3) Evaluate Your Opportunities for Consumers to Digitally Engage and Self-service.

While people were quarantining during the pandemic, they had many opportunities to use the internet, portals and other online resources in lieu of snail mail and other communication methods.  Are you digitally open for business 24/7 if consumers want to engage with you or self-service “after hours”?

4) Review Your State Registrations and State Licensing.

Some states have relaxed their branch or other rules about having some portion of collections operations conducted from home.  This creates opportunities to hire remote staff in a wide range of states.  Be certain to check with experts like Cornerstone Support about any licensing, bonding or registration requirements that may come along with having employees in new locations.

5) Expect Enforcement and Supervision.

If and as the day comes when you receive a regulator’s supervision or investigation request, including a civil investigative demand from a state regulator or law enforcer or the FTC or CFPB, review it carefully and familiarize yourself with all of the procedural instructions related to it.  Take any and every deadline seriously and be sure to schedule a time to meet and confer with the regulator or law enforcer to verify all of your interpretations of each component of any request.  If necessary, evaluate exactly what will be involved in responding to any law enforcer’s or regulator’s requests and assess what time and resources will be involved in gathering all the information the law enforcer or regulator is requesting.  If you are able to document your challenges, system constraints, and other demonstrable burdens, consider whether you want to request an extension on some of the key deadlines and document and submit that request.  A side note, if email is your system of record for tracking and communicating about your compliance challenges it is important to understand that it may be subject to supervisory or enforcement review and a database or software application for tracking all of your key compliance activities may ultimately prove to be a less burdensome way to not only keep an eye on all your compliance but to demonstrate it to a regulator.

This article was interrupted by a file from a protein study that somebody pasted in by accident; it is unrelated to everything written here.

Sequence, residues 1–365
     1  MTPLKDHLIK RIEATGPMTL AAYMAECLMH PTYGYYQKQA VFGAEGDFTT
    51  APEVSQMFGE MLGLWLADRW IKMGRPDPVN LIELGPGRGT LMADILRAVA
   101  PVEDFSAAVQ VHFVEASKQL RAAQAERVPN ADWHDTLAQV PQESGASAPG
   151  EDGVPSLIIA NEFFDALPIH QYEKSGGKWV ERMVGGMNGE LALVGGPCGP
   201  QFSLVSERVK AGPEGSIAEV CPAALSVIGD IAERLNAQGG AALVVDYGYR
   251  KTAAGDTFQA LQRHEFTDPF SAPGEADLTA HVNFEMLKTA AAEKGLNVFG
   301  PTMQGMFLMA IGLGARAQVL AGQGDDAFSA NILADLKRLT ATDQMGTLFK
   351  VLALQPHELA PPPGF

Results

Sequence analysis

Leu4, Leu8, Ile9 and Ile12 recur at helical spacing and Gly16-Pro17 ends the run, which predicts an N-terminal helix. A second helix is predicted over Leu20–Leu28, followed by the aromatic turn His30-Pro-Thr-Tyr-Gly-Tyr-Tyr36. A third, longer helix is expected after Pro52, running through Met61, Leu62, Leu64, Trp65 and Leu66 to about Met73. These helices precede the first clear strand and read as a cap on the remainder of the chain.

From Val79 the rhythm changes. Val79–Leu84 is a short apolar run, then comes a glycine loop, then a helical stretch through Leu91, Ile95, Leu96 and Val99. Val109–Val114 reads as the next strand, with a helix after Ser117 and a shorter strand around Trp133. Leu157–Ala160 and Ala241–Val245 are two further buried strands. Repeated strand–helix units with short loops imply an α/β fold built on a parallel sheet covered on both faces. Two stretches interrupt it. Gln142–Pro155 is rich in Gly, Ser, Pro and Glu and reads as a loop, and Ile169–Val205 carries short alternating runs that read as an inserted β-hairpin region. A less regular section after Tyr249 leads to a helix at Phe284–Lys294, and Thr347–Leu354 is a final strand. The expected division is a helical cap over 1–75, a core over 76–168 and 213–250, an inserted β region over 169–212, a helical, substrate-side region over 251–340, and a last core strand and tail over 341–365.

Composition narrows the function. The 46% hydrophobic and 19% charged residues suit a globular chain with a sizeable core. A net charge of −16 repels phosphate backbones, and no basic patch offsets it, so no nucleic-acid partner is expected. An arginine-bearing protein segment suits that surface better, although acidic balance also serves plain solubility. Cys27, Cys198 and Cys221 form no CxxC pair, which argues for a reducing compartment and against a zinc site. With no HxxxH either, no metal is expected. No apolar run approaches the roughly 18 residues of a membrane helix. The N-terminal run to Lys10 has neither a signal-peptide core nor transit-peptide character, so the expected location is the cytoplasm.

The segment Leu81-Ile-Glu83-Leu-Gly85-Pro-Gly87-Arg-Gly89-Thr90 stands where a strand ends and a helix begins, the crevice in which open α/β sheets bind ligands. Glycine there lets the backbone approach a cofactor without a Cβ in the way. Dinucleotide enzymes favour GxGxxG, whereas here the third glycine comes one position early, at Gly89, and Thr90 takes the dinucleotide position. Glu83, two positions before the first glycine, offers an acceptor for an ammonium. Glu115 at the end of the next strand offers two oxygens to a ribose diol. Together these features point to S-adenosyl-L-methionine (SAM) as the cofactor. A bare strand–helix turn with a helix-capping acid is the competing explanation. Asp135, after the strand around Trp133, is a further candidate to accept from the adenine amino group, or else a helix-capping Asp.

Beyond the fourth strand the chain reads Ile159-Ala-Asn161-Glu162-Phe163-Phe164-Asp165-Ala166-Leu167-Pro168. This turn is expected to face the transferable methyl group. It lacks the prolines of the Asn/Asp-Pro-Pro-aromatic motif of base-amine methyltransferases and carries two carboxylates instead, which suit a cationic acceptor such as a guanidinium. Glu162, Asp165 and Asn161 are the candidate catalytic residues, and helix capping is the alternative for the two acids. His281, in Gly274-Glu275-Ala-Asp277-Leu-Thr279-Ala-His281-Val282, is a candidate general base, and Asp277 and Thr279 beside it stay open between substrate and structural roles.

Leslie Bender 1
Leslie Bender
Senior Counsel at

Leslie C. Bender counsels financial services and healthcare clients on a broad range of privacy, data security, and consumer financial protection laws relying upon her strategic and legal experience as a general counsel.

She provides counsel on matters including privacy, consumer financial protection, HIPAA, data security, labor and employment, litigation, contracts, alternative dispute resolution and mediation, government affairs, regulatory relations, and change and project management. Leslie has more than two decades of experience in privacy and consumer financial protection and related regulatory relations before various federal and state regulators.

As a corporate trainer, Leslie has more than 30 years of experience working with financial institutions, collection agencies, and as a compliance consultant and trainer for hospitals. Recognized as a national authority on information privacy and security law, she was one of the first privacy officers accredited by the International Association of Privacy Professionals as a Certified Information Privacy Professional.

Joann Needleman 2
Joann Needleman

Joann Needleman leads the firm’s financial services regulatory and compliance practice and advises banks, financial institutions, and financial services entities on regulatory compliance matters. Joann prepares and represents these same financial institutions during state and federal supervisory examinations and regulatory investigations before agencies such as the Consumer Financial Protection Bureau (CFPB), Federal Trade Commission (FTC) and the Office of the Comptroller of Currency (OCC) as well as state financial services regulators and attorneys general.

A former member of the Consumer Financial Protection Bureau’s (CFPB) Consumer Advisory Board, Joann provides her clients with useful strategies and common-sense solutions in order to prepare for areas of regulatory scrutiny.